7. Collen MJ, Johnson DA. Correlation between basal acid output and daily ranitidine dose required for therapy in Barrett's esophagus. Dig Dis Sci 1992 Apr;37(4):570-6 Abstract available at http://www.ncbi.nlm.nih.gov/pubmed/1551347.
  8. Cooper BT, Barbezat GO. Treatment of Barrett's esophagus with H2 blockers. J Clin Gastroenterol 1987 Apr;9(2):139-41 Abstract available at http://www.ncbi.nlm.nih.gov/pubmed/2883213.
  9. 9.0 9.1 Malesci A, Savarino V, Zentilin P, Belicchi M, Mela GS, Lapertosa G, et al. Partial regression of Barrett's esophagus by long-term therapy with high-dose omeprazole. Gastrointest Endosc 1996 Dec;44(6):700-5 Abstract available at http://www.ncbi.nlm.nih.gov/pubmed/8979061.
  10. 10.0 10.1 Ortiz A, Martínez de Haro LF, Parrilla P, Molina J, Bermejo J, Munitiz V. 24-h pH monitoring is necessary to assess acid reflux suppression in patients with Barrett's oesophagus undergoing treatment with proton pump inhibitors. Br J Surg 1999 Nov;86(11):1472-4 Abstract available at http://www.ncbi.nlm.nih.gov/pubmed/10583299.
  11. 11.0 11.1 Fass R, Sampliner RE, Malagon IB, Hayden CW, Camargo L, Wendel CS, et al. Failure of oesophageal acid control in candidates for Barrett's oesophagus reversal on a very high dose of proton pump inhibitor. Aliment Pharmacol Ther 2000 May;14(5):597-602 Abstract available at http://www.ncbi.nlm.nih.gov/pubmed/10792123.
  12. 12.0 12.1 Yeh RW, Gerson LB, Triadafilopoulos G. Efficacy of esomeprazole in controlling reflux symptoms, intraesophageal, and intragastric pH in patients with Barrett's esophagus. Dis Esophagus 2003;16(3):193-8 Abstract available at http://www.ncbi.nlm.nih.gov/pubmed/14641308.
  13. 13.0 13.1 13.2 Attwood SE, Lundell L, Hatlebakk JG, Eklund S, Junghard O, Galmiche JP, et al. Medical or surgical management of GERD patients with Barrett's esophagus: the LOTUS trial 3-year experience. J Gastrointest Surg 2008 Oct;12(10):1646-54; discussion 1654-5 Abstract available at http://www.ncbi.nlm.nih.gov/pubmed/18709511.
  14. 14.0 14.1 Frazzoni M, Savarino E, Manno M, Melotti G, Mirante VG, Mussetto A, et al. Reflux patterns in patients with short-segment Barrett's oesophagus: a study using impedance-pH monitoring off and on proton pump inhibitor therapy. Aliment Pharmacol Ther 2009 Sep 1;30(5):508-15 Abstract available at http://www.ncbi.nlm.nih.gov/pubmed/19519732.
  15. 15.0 15.1 Watson JT, Moawad FJ, Veerappan GR, Bassett JT, Maydonovitch CL, Horwhat JD, et al. The dose of omeprazole required to achieve adequate intraesophageal acid suppression in patients with gastroesophageal junction specialized intestinal metaplasia and Barrett's esophagus. Dig Dis Sci 2013 Aug;58(8):2253-60 Abstract available at http://www.ncbi.nlm.nih.gov/pubmed/23824407.
  16. 16.0 16.1 Sharma P, Sampliner RE, Camargo E. Normalization of esophageal pH with high-dose proton pump inhibitor therapy does not result in regression of Barrett's esophagus. Am J Gastroenterol 1997 Apr;92(4):582-5 Abstract available at http://www.ncbi.nlm.nih.gov/pubmed/9128303.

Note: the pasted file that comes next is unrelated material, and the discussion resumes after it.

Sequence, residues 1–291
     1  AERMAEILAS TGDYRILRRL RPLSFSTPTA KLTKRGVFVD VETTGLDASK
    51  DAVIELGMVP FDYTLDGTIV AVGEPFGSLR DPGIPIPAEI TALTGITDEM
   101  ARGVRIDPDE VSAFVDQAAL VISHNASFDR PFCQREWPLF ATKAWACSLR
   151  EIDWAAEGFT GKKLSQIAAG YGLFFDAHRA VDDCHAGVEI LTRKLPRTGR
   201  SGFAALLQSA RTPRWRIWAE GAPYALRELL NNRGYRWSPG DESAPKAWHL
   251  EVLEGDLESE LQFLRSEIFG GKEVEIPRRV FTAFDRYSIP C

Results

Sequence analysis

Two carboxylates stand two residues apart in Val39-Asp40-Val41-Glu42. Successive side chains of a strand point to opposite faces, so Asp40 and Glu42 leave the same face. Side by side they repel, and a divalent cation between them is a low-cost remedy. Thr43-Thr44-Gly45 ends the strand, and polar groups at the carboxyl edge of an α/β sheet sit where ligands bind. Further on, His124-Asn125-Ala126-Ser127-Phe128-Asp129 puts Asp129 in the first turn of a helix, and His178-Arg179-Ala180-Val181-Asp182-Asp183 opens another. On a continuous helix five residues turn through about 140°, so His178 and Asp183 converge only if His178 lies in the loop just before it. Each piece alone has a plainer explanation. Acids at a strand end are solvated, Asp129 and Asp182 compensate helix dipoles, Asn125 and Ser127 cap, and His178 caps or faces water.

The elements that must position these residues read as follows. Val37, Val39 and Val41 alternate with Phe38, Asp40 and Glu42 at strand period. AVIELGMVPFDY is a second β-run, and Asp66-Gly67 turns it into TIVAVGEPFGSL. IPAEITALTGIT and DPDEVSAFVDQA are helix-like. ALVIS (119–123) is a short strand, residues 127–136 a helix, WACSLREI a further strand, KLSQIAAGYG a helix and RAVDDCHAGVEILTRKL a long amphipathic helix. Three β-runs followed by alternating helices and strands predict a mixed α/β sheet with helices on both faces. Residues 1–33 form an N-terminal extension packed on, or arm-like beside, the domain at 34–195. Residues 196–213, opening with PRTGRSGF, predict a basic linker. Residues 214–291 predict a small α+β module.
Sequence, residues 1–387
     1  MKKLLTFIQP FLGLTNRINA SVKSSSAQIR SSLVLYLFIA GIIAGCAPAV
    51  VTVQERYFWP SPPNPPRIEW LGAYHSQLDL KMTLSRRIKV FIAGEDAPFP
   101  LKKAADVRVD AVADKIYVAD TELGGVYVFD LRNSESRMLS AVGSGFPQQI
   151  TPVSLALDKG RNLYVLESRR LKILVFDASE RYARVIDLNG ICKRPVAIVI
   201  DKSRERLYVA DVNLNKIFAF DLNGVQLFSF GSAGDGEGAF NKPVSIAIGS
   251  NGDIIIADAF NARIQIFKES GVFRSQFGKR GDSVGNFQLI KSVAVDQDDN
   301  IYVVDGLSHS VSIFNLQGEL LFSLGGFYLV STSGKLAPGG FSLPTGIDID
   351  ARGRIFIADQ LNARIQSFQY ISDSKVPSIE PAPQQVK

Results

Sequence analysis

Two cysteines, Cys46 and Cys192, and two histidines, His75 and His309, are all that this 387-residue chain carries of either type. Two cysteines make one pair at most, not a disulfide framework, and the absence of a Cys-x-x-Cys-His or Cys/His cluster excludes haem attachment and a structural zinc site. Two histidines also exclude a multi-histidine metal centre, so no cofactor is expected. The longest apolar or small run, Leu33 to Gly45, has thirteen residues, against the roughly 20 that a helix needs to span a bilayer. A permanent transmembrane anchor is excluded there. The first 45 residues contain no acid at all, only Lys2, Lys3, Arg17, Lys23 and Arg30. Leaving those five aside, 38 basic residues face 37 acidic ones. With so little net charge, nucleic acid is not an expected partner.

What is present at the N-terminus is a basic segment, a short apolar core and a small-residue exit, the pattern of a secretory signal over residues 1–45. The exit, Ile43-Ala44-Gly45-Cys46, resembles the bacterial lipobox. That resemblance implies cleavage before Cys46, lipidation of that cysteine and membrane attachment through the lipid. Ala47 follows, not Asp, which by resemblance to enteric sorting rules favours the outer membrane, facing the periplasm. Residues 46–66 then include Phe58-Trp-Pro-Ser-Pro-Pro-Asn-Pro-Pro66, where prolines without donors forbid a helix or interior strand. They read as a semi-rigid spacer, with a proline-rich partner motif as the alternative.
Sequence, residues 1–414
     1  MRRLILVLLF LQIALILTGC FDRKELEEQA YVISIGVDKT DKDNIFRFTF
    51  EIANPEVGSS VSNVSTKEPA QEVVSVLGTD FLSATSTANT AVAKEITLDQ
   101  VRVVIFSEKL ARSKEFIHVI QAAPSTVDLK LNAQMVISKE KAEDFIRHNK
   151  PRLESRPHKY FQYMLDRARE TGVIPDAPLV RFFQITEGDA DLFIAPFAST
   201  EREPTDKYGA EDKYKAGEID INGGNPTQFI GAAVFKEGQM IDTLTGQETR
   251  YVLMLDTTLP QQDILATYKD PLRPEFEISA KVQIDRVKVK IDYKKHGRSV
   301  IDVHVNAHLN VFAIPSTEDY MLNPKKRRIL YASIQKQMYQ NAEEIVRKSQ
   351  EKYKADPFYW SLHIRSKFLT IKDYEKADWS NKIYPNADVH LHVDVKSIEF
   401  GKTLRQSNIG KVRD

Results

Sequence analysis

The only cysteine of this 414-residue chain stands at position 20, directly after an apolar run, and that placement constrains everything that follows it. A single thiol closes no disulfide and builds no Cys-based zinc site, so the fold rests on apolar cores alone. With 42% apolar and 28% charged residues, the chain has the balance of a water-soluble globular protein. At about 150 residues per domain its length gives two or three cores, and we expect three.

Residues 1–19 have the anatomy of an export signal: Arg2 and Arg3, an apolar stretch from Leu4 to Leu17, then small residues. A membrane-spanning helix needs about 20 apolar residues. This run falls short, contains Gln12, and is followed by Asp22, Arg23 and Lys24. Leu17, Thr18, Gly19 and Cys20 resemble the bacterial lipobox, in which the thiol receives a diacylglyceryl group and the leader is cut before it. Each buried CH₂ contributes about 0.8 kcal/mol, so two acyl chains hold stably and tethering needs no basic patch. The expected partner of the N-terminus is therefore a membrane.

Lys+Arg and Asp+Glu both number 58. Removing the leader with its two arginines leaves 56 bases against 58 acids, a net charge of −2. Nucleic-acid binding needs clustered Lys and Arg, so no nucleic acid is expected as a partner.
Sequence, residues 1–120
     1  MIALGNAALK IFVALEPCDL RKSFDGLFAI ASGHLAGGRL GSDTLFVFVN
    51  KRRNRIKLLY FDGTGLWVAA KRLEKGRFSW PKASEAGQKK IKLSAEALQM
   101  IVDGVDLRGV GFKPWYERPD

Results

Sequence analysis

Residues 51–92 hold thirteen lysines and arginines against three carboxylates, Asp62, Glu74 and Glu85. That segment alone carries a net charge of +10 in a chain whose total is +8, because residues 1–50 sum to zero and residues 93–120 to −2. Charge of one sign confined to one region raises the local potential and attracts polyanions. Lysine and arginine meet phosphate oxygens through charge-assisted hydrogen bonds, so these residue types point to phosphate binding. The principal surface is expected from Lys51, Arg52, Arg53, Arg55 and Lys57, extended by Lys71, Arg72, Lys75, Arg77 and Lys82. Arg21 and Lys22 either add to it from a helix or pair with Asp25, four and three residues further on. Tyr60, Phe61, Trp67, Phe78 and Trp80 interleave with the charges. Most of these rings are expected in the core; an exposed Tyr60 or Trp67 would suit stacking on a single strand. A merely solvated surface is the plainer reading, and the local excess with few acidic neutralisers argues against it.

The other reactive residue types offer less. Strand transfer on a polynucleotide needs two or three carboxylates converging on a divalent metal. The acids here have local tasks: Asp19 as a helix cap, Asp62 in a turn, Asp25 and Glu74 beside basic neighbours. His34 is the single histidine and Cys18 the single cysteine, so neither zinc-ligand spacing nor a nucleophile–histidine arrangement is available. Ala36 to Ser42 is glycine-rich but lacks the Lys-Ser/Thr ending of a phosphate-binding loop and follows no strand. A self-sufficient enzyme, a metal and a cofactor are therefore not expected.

17. 17.0 17.1 Basu KK, Bale R, West KP, de Caestecker JS. Persistent acid reflux and symptoms in patients with Barrett's oesophagus on proton-pump inhibitor therapy. Eur J Gastroenterol Hepatol 2002 Nov;14(11):1187-92 Abstract available at http://www.ncbi.nlm.nih.gov/pubmed/12439112.
  18. 18.0 18.1 Frazzoni M, Manno M, De Micheli E, Savarino V. Efficacy in intra-oesophageal acid suppression may decrease after 2-year continuous treatment with proton pump inhibitors. Dig Liver Dis 2007 May;39(5):415-21 Abstract available at http://www.ncbi.nlm.nih.gov/pubmed/17379591.
  19. Ouatu-Lascar R, Triadafilopoulos G. Complete elimination of reflux symptoms does not guarantee normalization of intraesophageal acid reflux in patients with Barrett's esophagus. Am J Gastroenterol 1998 May;93(5):711-6 Abstract available at http://www.ncbi.nlm.nih.gov/pubmed/9625114.
  20. Katzka DA, Castell DO. Successful elimination of reflux symptoms does not insure adequate control of acid reflux in patients with Barrett's esophagus. Am J Gastroenterol 1994 Jul;89(7):989-91 Abstract available at http://www.ncbi.nlm.nih.gov/pubmed/8017396.
  21. Sarela AI, Hick DG, Verbeke CS, Casey JF, Guillou PJ, Clark GW. Persistent acid and bile reflux in asymptomatic patients with Barrett esophagus receiving proton pump inhibitor therapy. Arch Surg 2004 May;139(5):547-51 Abstract available at http://www.ncbi.nlm.nih.gov/pubmed/15136356.
  22. 22.0 22.1 Sampliner RE. Effect of up to 3 years of high-dose lansoprazole on Barrett's esophagus. Am J Gastroenterol 1994 Oct;89(10):1844-8 Abstract available at http://www.ncbi.nlm.nih.gov/pubmed/7942680.
  23. 23.0 23.1 Parrilla P, Martínez de Haro LF, Ortiz A, Munitiz V, Molina J, Bermejo J, et al. Long-term results of a randomized prospective study comparing medical and surgical treatment of Barrett's esophagus. Ann Surg 2003 Mar;237(3):291-8 Abstract available at http://www.ncbi.nlm.nih.gov/pubmed/12616111.
  24. 24.0 24.1 Zaninotto G, Parente P, Salvador R, Farinati F, Tieppo C, Passuello N, et al. Long-term follow-up of Barrett's epithelium: medical versus antireflux surgical therapy. J Gastrointest Surg 2012 Jan;16(1):7-14; discussion 14-5 Abstract available at http://www.ncbi.nlm.nih.gov/pubmed/22086718.
  25. Frazzoni M, Manno M, De Micheli E, Savarino V. Intra-oesophageal acid suppression in complicated gastro-oesophageal reflux disease: esomeprazole versus lansoprazole. Dig Liver Dis 2006 Feb;38(2):85-90 Abstract available at http://www.ncbi.nlm.nih.gov/pubmed/16289976.
  26. Peters FT, Ganesh S, Kuipers EJ, Sluiter WJ, Klinkenberg-Knol EC, Lamers CB, et al. Endoscopic regression of Barrett's oesophagus during omeprazole treatment; a randomised double blind study. Gut 1999 Oct;45(4):489-94 Abstract available at http://www.ncbi.nlm.nih.gov/pubmed/10486353.

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Appendices